‘This is not about rich and poor,’ Fariah, a young mother of four, says when we meet her at the heavily policed Croatian train station of Tovarnik, where refugees are taken after they have walked across the Serbian-Croatian border in order to try to reach Hungary. ‘There is no rich and poor in Syria now. When everyone can be killed, when everyone is scared their children will be killed, there cannot be.’

Fariah and her husband, Saddam, 26, travelled through Turkey after their home was bombed, then took a boat to Greece.‘It was supposed to hold 15 people, but there were 50 of us,’ says Saddam, who has a lengthy scar across his cheek caused by a government airstrike in Syria. ‘Earlier that day, 50 people died at sea. But we had no choice.’ He looks at his eight-month-old son and explains why they had to leave.‘My cousin had a son born on the same day,’ he says, motioning his finger across his son’s neck. ‘ISIS slashed his throat.’

Fariah with one of her children [Hannah Maule-Ffinch]

Other refugees have equally harrowing stories. An Iraqi police official, Mohammed, 46 – travelling with his wife and two children (aged eight and two) – was told if he didn’t conspire with armed forces his family would be bombed while they slept.

Gaby, a 26-year-old accountant, watched his cousin being killed by a sniper in Damascus and endured being kidnapped by ISIS on his way home from work. ‘They confiscated our phones to search for intelligence about the regime. Some girls were beaten when their captors found anti-ISIS jokes on them.’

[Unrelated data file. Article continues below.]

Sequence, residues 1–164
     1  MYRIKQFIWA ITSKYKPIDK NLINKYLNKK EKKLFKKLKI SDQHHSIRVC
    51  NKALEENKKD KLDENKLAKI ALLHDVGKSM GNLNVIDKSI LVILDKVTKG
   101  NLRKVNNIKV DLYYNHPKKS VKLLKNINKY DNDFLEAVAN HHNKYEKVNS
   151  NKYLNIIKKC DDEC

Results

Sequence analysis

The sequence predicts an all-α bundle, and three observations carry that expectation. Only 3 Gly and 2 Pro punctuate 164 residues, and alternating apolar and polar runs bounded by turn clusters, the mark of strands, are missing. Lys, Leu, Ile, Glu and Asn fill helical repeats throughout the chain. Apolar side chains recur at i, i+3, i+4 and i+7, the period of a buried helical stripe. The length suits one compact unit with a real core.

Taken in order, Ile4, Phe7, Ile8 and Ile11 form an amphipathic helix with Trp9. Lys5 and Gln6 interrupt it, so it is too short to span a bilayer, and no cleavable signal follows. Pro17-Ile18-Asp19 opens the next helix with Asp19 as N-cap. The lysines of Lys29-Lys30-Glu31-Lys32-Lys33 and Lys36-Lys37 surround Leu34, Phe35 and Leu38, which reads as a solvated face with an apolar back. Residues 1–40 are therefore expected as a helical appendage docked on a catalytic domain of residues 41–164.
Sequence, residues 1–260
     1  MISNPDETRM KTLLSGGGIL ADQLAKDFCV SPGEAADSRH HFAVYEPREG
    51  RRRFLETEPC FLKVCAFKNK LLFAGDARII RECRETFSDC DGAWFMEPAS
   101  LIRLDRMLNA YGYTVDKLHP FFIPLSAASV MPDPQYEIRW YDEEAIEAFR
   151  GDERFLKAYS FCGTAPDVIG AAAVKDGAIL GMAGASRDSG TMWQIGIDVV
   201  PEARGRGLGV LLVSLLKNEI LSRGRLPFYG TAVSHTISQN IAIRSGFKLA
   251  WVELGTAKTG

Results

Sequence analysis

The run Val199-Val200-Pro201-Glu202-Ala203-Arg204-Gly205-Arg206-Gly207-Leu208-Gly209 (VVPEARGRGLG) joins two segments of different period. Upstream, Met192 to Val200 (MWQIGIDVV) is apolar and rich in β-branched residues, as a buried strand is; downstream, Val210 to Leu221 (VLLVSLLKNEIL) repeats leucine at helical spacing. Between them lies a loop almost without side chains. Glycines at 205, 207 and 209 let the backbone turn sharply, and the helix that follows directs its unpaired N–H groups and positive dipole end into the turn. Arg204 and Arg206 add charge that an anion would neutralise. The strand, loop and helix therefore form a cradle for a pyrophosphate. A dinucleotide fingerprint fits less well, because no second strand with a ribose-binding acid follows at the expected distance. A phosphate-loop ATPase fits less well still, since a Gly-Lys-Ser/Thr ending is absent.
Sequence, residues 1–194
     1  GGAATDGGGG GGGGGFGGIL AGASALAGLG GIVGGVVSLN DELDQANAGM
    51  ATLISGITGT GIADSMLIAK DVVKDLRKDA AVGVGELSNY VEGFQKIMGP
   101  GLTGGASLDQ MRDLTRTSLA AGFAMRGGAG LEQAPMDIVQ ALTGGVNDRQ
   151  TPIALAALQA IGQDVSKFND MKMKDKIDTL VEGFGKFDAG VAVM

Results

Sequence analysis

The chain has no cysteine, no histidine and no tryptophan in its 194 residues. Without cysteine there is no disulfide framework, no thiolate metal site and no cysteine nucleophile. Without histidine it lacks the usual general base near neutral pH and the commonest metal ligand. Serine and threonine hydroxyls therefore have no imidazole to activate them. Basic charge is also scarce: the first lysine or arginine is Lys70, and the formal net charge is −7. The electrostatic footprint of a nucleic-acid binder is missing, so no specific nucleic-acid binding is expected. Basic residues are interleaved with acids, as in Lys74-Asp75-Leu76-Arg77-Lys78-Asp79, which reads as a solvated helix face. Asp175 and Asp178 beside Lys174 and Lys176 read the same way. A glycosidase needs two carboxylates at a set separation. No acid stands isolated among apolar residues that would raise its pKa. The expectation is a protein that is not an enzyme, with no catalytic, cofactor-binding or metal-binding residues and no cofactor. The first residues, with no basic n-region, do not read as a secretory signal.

Now that they’re fleeing for their lives, ‘Social media and mobile phones have become so important,’ explains Danjela Korac- Mandic, programme coordinator of Novi Sad Humanitarian Centre. ‘People can stay in touch with their families – but we are seeing more people using Facebook groups to communicate safe, quick routes. It’s crucial for them to be in contact with those who have travelled ahead of them, so we are now planning to install charging points where we give out CARE packages.’

Sexual violence and safety for women is an increasingly serious problem. ‘Even going to the toilet can be an issue,’ explains Danijela. ‘Unisex shower blocks often mean women cannot shower; it’s undignified for them. We are trying to fix that.’

Lost toys show signs of families now moved on [Hannah Maule-Ffinch]

Back at the border crossing, as darkness falls and 7ft cornfields tower over us, the miles stretching off into the unknown feel ominous. It’s hard not to feel uneasy, but their plight is not for the faint-hearted. Each person has lost; each has risked everything to get this far. We see men dragging a pushchair through thick mud and women crossing alone with children, shoulders hunched with exhaustion. They haven’t eaten a decent meal in weeks. ‘Our stomachs hurt,’ says Tamara.

But still, as we walk, the women smile and laugh. There are at least six buses – or around 300 people – arriving at the crossing point from the hours of 5 to 7pm, and many sing or chant, and say hello. They have barely any possessions, barely any money – but what they do have in abundance, despite all they’ve seen, is hope.

‘I don’t care what happens to me,’ Dinah says, stepping into a police van taking her to a camp for the night. Tomorrow, she’ll take a train to Hungary, and hopes she can cross the border before it’s closed off, reaching Germany and then Denmark. ‘I just want a future for my son. I have hope for him. I want him to live where there is hope too.’